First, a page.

CVs and cover letters are personal marketing documents. They exist to show an employer how you are a good fit for them.
Most of us have fallen into the trap of listing our skills and experiences, without explaining how these make us ideal candidates for the role. But the flipside can be just as bad. If we are too eager to meet the employer’s expectations, it’s easy to lose our originality. In this blog, we’ll look at ways to stay true to ourselves when writing job applications.
Edit with caution
When I was fourteen, I wrote a ‘story’ (heavy quote marks) where I vowed never to use the same word twice. I used words like ‘casement’ instead of ‘window’, thinking this would make me sound clever. In truth, it sounded ridiculous. A window is a window, and there was no good reason to call it anything else.
Of course, it’s important to avoid excessive repetition in your writing. But when editing your CV or cover letter, make sure you are using the right words, and not the words that sound the most impressive. Not all synonyms are interchangeable!
Unless you use words like ‘casement’ in real life, you risk sounding disingenuous. Employers want to hire you, not a heavily edited version of you. Also, they may only skim your application, so don’t make life harder for them by using flowery language. It should be readable and make its point from the get-go.
I see a lot of applications claiming the candidate is the ‘perfect fit’ for the role. Do you really need to be perfect get the job? This can feel clunky, exaggerated and, again, disingenuous, especially if you don’t back up this claim convincingly. It also implies you meet every one of the essential criteria and have no room for improvement. Contrary to popular belief, this isn’t always what employers want.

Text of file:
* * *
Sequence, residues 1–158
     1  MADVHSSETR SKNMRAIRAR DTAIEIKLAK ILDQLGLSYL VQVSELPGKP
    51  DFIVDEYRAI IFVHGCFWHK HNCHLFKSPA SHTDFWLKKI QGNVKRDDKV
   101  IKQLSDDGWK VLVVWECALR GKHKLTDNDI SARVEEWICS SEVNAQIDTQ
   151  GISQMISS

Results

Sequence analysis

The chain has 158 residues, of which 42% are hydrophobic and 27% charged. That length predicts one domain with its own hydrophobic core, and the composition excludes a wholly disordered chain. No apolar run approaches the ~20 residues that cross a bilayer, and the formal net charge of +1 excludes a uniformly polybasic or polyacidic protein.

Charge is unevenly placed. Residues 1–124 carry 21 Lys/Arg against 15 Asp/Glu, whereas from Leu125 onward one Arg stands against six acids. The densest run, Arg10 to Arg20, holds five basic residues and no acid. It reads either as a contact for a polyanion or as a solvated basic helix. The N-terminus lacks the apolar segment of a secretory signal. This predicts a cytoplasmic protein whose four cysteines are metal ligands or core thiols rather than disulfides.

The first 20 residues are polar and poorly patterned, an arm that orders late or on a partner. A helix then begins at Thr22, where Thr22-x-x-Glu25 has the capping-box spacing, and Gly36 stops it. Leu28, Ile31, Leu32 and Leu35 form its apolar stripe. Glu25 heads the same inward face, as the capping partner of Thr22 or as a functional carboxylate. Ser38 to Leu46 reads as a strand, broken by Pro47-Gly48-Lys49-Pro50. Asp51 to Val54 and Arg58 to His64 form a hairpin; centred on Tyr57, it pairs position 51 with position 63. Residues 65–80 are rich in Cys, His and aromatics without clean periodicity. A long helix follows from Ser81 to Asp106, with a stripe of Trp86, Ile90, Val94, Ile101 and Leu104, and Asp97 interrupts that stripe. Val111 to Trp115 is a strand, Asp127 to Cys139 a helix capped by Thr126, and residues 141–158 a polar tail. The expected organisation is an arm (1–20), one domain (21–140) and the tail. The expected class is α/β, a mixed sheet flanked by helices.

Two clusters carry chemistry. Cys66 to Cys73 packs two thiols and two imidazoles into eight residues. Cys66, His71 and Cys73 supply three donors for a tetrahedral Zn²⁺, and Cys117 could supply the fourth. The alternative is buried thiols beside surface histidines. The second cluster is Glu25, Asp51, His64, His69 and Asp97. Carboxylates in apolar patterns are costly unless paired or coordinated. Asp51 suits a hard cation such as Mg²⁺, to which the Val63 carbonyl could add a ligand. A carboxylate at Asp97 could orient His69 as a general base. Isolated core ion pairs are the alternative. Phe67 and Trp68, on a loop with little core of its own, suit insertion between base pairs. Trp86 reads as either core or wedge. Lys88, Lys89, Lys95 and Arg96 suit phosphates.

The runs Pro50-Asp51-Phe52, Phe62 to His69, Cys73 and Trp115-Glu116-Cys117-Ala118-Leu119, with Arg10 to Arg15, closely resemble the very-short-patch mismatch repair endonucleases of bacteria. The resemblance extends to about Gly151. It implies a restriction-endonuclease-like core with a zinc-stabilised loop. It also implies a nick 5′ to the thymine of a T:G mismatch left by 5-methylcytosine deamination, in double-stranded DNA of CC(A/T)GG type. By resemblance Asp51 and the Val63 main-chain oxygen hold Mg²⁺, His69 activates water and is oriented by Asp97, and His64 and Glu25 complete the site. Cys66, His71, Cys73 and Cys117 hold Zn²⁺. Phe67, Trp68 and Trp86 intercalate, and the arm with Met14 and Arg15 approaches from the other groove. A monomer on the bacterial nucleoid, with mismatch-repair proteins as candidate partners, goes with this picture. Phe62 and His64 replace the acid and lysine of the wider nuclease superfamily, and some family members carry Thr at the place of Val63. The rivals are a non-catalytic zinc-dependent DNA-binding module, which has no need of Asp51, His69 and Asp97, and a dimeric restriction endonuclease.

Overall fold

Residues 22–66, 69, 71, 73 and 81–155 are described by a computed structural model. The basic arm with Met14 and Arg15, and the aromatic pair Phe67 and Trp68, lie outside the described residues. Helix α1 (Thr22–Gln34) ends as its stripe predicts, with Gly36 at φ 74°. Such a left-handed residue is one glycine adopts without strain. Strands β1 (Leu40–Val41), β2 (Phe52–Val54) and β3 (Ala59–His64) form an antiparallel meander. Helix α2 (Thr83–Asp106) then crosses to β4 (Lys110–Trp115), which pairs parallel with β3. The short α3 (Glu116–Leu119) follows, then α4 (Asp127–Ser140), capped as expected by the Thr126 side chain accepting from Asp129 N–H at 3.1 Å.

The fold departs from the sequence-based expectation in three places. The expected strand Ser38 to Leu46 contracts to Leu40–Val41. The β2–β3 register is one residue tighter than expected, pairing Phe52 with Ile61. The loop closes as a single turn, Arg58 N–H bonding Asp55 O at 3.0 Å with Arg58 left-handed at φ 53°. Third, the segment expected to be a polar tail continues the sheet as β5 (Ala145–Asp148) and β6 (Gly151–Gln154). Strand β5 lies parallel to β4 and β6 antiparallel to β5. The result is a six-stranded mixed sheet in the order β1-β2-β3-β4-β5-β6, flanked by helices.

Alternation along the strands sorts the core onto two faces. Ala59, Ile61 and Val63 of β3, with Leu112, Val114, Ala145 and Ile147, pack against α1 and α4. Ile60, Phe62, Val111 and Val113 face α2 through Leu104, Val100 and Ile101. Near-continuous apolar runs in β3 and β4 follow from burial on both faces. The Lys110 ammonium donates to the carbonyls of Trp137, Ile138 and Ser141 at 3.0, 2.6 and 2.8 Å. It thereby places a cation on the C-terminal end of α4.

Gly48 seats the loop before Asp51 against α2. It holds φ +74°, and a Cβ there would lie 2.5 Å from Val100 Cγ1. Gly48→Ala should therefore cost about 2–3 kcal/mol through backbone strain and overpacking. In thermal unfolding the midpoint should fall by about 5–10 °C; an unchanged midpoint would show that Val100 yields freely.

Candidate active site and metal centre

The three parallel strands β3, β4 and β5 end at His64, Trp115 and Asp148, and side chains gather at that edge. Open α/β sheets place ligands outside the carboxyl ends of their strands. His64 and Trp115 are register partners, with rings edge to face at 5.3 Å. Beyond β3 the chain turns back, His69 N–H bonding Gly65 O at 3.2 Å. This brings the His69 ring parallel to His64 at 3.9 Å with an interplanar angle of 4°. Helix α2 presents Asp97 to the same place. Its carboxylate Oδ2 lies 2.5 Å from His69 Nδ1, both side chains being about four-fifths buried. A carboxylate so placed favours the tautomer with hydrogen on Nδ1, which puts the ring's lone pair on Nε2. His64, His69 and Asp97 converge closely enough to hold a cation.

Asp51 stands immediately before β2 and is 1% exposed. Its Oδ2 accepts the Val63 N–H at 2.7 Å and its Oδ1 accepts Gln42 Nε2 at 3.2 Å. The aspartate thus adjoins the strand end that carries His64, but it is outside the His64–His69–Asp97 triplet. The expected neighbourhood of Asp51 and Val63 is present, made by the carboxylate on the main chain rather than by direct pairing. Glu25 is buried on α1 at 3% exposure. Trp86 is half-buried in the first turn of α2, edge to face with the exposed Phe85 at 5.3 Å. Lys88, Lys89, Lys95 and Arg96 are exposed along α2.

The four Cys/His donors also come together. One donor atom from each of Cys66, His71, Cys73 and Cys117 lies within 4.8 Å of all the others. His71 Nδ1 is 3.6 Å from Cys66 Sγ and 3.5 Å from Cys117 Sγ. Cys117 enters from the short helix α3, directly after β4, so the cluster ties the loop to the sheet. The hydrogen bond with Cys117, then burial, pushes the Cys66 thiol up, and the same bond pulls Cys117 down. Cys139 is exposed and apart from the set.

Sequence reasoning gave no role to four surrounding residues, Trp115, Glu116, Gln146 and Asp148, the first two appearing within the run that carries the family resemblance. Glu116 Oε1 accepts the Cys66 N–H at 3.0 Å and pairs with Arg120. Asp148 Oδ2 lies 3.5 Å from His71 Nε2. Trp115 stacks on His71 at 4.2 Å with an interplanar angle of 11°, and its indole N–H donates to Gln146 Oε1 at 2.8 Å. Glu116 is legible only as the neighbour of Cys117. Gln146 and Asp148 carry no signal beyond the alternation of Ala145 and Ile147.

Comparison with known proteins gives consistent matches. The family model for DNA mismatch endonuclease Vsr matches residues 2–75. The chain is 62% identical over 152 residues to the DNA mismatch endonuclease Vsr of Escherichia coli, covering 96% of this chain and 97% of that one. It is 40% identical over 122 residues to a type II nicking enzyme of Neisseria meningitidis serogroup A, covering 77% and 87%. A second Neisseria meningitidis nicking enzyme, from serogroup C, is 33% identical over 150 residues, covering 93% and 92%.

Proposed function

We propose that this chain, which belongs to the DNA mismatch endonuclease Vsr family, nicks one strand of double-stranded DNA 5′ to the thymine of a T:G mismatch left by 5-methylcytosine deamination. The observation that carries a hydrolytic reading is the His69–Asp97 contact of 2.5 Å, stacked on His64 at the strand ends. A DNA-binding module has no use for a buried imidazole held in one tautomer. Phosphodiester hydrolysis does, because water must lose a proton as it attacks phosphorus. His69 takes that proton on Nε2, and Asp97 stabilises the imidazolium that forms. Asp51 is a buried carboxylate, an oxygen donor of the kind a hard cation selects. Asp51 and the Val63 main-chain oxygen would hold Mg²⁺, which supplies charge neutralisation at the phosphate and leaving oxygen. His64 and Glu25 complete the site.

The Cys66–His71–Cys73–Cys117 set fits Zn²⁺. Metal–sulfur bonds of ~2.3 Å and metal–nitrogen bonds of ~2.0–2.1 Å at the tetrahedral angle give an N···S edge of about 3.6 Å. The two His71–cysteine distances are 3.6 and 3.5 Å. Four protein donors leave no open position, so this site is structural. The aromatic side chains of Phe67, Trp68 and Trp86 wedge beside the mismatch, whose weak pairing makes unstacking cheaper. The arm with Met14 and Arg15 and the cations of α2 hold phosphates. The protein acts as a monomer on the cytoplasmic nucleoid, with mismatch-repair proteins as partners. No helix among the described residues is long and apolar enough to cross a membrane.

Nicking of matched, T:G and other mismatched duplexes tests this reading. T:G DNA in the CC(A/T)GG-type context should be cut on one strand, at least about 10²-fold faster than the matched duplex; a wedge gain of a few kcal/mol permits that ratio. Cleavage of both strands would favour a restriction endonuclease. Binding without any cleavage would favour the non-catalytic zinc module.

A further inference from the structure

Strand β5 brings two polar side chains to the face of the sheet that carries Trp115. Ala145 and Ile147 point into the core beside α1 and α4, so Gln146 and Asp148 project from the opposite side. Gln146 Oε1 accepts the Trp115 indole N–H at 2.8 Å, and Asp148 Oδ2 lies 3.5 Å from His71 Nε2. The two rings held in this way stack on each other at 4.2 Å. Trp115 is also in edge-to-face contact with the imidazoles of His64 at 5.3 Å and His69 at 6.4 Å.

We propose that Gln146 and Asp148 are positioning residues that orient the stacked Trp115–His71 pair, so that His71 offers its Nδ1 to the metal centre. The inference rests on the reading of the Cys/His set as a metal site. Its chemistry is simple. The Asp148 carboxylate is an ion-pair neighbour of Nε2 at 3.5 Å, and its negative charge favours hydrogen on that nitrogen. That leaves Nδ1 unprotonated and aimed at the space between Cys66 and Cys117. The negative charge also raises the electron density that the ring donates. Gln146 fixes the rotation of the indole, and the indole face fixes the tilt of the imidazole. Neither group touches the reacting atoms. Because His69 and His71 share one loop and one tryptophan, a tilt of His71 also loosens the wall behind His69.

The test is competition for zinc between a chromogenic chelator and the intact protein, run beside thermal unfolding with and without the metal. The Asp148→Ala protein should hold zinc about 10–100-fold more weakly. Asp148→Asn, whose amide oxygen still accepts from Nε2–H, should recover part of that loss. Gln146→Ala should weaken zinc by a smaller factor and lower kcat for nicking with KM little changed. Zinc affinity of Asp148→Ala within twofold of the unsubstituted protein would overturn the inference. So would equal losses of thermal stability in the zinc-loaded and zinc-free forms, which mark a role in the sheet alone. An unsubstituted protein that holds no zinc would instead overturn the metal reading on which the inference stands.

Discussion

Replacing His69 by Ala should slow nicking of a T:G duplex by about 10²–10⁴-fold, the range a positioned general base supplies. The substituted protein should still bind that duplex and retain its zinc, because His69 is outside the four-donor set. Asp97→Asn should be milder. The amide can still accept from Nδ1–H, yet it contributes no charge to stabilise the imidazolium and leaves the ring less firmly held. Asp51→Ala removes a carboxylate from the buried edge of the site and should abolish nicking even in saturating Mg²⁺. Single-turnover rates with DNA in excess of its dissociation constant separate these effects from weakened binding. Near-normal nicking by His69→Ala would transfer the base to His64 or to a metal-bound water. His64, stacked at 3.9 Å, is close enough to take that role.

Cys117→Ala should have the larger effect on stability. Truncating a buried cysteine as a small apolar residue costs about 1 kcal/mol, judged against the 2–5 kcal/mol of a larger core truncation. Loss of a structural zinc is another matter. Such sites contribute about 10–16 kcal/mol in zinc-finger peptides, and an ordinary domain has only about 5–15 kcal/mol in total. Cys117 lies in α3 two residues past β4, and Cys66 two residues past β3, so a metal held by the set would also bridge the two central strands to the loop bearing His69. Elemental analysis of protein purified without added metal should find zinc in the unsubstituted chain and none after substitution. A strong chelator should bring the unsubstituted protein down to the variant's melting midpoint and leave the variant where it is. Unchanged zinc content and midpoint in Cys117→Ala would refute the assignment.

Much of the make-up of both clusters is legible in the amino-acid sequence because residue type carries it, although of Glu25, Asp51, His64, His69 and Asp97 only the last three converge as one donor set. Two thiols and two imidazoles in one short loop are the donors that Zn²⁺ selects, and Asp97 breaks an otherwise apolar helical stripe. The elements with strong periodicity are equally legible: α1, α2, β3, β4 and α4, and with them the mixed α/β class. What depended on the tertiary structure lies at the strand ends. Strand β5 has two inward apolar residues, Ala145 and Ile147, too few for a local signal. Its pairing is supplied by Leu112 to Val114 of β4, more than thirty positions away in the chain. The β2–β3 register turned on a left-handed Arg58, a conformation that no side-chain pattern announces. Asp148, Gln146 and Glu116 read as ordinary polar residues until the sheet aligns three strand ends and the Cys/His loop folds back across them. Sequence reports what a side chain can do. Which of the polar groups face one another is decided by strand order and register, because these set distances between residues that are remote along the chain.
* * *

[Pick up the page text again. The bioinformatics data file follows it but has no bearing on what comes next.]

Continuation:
Instead of perfect, could you argue that you are an ideal fit, or perhaps even excellent? This suggests that you are confident your skills match their requirements, without sounding cocky. Don’t forget to evidence this claim. Show them how you’re an excellent fit by giving examples of your skills and experiences, and link these back to specific criteria in the job description.
This should go both ways, so think carefully about how you write about the employer. They are rarely flattered by excessive compliments, and they don’t want to hear that they are ‘a leader in their field’ because that’s way too generic. It’s better to do thorough research into their work and find something you genuinely love. Likewise, be careful not to come off too strong with phrases like ‘dream job’ or ‘once in a lifetime opportunity’. Even if you feel they are true, you need to convey your motivation with more than just flattery.
Reflect the employer’s tone
This might sound at odds with being yourself, but hear me out. If an employer uses a formal tone in their job advert, you’ll stand a better chance of succeeding if you can reflect this in your cover letter. Other employers may be more relaxed. Always be professional, but don’t be afraid to mirror the employer’s style, even if it’s more on the casual side.
If you find this challenging, think about why this might be. Applications in general can be tricky – is it this? Or does the whole thing feel really, really off? If your application feels impersonal, put it down and try a different one. Perhaps that first role wasn’t right for you, and your energy is better spent elsewhere. If you can’t be yourself in your application, you likely won’t manage it in the role. So focus your efforts on the jobs that excite you. If you get stuck, take a look at our resources, or book an appointment for bespoke feedback.